Learning how to use the FIFO (First-In-First-Out) method isn’t complicated. It’s a method that refers to a safe and efficient way to store food and how to effectively rotate it so you’re always using the oldest items first before the newer ones. This will ensure that your food supply doesn’t go bad and that you’re not wasting valuable space or money by accidentally throwing out items that could have otherwise been used. This key method is frequently used in restaurants as well as food service in schools and is highly successful in managing food costs. It will be just as effective in your own home once you start using it.
When it comes to long-term food storage, it’s crucial to learn about the FIFO way of storing food. This will ensure you have best food quality and also save you money. By implementing this method, you will always use what you have on hand before it expires. Have you ever cleaned out your cupboards or pantry only to discover that many things on the shelf had to be thrown out because they were past the expiration date? This is a big waste of money. FIFO is easy to follow. Here are some easy ideas to help you get started.
- Keep your cupboards and pantry well-organized
- Group ‘like’ items together (canned goods, boxed items, etc.)
- Check all expiration dates
- Keep the items that are first to expire near the front so they can be used first
- Rotate your inventory of food as you use them
Newer canned goods should be stored to the back of the shelf while older items need to be stored to the front to ensure they get used first. In the restaurant service, the food is used so fast that there’s no point in checking the expiration dates every day, which saves time. However, in your home that’s probably not the case. You don’t use food nearly as fast as a restaurant. Therefore, the expiration dates should ideally be checked every time you shop for groceries. Use the items first that are nearing their expiration dates. Dedicate one special shelf for canned goods. In fact, you can buy or make shelves today that are made specifically for storing canned goods. Try to put the oldest cans at eye level so you can clearly see the date and store the newer cans on the upper and/or lower shelves.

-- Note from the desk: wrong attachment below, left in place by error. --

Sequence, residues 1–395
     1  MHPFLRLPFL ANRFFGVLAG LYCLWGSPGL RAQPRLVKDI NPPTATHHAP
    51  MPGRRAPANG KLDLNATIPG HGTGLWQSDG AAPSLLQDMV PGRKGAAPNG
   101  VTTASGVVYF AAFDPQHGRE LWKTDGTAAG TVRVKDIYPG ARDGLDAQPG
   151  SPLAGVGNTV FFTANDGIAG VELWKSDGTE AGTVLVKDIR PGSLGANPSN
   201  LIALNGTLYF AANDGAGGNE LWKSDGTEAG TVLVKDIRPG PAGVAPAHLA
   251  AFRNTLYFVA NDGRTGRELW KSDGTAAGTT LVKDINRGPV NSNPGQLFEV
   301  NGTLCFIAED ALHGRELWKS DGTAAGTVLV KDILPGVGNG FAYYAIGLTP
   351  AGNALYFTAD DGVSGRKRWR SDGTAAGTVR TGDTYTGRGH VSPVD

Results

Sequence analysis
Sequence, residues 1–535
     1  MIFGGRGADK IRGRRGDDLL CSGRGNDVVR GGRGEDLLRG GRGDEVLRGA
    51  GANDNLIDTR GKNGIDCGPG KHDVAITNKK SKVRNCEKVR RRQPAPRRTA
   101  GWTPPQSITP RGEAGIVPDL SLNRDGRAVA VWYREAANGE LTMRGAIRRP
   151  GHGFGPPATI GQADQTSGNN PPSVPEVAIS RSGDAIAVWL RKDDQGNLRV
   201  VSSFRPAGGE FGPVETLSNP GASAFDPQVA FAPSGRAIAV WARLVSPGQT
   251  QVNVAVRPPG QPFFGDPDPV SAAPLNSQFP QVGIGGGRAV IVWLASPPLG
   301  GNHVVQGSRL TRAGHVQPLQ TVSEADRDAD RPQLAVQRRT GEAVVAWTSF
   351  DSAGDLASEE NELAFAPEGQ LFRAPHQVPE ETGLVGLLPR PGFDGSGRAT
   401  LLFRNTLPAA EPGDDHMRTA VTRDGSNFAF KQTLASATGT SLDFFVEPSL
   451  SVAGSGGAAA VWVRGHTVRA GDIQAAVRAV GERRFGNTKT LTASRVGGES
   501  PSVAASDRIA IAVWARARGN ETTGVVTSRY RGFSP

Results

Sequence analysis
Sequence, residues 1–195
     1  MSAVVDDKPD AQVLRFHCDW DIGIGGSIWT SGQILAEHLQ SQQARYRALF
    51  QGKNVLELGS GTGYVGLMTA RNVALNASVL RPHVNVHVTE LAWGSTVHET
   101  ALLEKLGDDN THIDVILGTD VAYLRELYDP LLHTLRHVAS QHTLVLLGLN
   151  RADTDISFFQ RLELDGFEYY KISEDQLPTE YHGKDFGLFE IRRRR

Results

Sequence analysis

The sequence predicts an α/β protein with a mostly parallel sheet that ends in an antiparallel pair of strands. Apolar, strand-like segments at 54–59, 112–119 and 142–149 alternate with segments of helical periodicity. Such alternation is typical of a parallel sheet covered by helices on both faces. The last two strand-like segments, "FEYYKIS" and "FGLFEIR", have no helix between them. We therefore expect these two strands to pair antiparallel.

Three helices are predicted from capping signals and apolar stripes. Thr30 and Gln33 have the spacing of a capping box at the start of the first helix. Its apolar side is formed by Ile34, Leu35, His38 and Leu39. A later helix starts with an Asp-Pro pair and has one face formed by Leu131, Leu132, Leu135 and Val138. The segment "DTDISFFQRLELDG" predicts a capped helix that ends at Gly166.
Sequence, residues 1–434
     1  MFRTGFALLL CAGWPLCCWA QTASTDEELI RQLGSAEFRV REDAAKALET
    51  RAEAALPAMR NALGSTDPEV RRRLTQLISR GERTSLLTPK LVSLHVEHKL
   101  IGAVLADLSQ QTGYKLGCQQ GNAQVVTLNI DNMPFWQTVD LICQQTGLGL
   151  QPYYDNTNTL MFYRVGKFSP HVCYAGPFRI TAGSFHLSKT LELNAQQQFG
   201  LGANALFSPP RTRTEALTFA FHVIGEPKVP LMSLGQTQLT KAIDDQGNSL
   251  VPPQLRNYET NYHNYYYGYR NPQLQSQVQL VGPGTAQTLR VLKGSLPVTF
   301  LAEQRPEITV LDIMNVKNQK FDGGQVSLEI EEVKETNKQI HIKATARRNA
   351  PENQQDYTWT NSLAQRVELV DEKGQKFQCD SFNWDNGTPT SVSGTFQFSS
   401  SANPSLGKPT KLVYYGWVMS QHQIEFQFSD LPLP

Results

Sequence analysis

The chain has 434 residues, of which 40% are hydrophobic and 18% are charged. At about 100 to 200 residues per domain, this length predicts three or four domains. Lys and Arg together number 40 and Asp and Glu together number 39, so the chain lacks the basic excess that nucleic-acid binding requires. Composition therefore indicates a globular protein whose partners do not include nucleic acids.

FIFO isn’t just used for storing canned goods. It’s important to rotate all your frozen foods just like the canned goods as well. The best way to ensure your food stays fresh and save money is to always put the older items in the front whether it’s in your freezer, refrigerator, cupboard, or pantry.
Maintaining Proper Temperatures
When storing food, especially perishables, keep these general temperatures in mind:
- Dry food items should be stored at 50-70°F
- Frozen foods should be stored at 0°F or less
- Refrigerated foods should be stored at 42°F or less
Note: A simple way to double-check the temperature of your storage and stored food areas is when you bring home items from the grocery store.
Rotating Food Items
After your items are stored, rotate your current products using the FIFO method. This will ensure that you’re using and serving products stocked first before the ones you most recently stored. The FIFO method applies to virtually every aspect of food storage including refrigerated, frozen, and dry pantry items. If possible, create your own system using the FIFO method to store your food items. Some people dedicate one entire cupboard to older food items, while using an adjacent cupboard for newer products. What works for some families may not work not work for all.
Everyone wants to save both money and time. The FIFO method is one of the best and easiest ways to do it. If the FIFO method works well for restaurants, schools, and other organizations, it can work well for you. Saving money is a top priority for most people. Many families follow a strict budget and need a better, more efficient way to manage their food storage. In the end, it will keep your food fresher and your wallet fuller. Continuous rotation of foods is key. Consider using a food rotation calendar to ensure you’re always using what needs to be used first.